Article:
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Considering the material thickness and electrical characteristics, we can derive the following equation:
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where denotes the ratio between electromagnetic impedance and shield material impedance; t, the material thickness; γ, the propagation constant (=α+iβ) of the electromagnetic wave; and α, the attenuation constant of the electromagnetic wave. In Eq. (2), the first term is called adsorption loss, the second term is called reflection loss, and the third term is called multi-reflection correction. The EMI shield effectiveness is found by the sum of the absorption, the reflection of the electromagnetic wave introduced, and the multireflection between the medium boundaries. The electromagnetic wave can be shielded effectively by utilizing these losses according to the characteristics of the electromagnetic wave to be shielded. That is, when electromagnetic energy arrives at an arbitrary object (shielding material), the travel path of the electromagnetic wave is distributed by three phenomena, namely reflection, transmission, and adsorption. Here, shielding is defined by combining the reflection and the adsorption when a criterion is set within a system. With respect to the actual electromagnetic measurement, the signal that is generated at the antenna on the generation side is called PT, and the signal received by the antenna on the receiving side is called PR. Assuming that a signal on the receiving side, in which a shield is arranged between the generation and the receiving sides using a shielding material, is P’R, we can calculate the effectiveness of the EMI shield by using Eq. (1). Fig. 6 shows this arrangement [12] .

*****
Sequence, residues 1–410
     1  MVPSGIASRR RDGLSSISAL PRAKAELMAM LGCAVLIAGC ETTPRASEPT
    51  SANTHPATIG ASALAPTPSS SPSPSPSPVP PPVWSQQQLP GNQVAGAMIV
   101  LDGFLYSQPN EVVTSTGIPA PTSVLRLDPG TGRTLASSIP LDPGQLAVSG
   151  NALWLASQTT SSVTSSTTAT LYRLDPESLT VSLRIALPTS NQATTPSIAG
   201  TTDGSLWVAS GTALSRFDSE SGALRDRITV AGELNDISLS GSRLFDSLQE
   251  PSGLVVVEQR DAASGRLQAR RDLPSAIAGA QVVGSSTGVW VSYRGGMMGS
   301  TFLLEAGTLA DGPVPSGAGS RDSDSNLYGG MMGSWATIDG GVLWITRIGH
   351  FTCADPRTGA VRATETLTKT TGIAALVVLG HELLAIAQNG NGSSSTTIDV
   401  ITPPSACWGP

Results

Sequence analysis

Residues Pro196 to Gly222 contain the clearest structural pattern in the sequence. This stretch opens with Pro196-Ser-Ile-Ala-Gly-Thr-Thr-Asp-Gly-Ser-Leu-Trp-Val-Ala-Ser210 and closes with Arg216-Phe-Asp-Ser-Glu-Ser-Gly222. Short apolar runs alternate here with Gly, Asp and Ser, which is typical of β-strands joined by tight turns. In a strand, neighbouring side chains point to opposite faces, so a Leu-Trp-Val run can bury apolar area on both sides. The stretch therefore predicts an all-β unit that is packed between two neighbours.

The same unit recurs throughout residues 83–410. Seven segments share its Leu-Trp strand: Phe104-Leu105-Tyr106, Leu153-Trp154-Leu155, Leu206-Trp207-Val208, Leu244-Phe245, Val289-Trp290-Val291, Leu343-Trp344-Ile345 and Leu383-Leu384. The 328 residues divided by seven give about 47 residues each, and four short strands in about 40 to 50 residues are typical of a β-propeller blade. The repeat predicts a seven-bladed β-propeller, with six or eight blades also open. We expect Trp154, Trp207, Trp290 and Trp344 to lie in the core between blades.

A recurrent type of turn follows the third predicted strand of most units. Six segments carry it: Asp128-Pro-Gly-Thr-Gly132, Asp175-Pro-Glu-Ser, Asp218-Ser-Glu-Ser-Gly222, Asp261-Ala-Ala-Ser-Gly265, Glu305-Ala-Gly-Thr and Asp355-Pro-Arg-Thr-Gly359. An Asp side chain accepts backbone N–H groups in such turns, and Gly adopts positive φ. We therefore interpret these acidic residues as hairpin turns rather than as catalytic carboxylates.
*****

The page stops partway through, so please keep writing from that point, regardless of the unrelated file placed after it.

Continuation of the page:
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Typical arrangement for measuring effectiveness of materials. (a) Unloaded specimen, (b) loaded specimen.
In order to measure the electrical conductivity, the electrical characteristics (resistance, R) were measured by a four-terminal method using a KEI-THLEY 580 Micro-Ohmmeter when the orientation angle was 0/0, 0/15, 0/30, 0/45, and 0/90. Then, according to Eq. (3), the volume resistivity ( ρ o ) was calculated, and the relative value of the material was compared.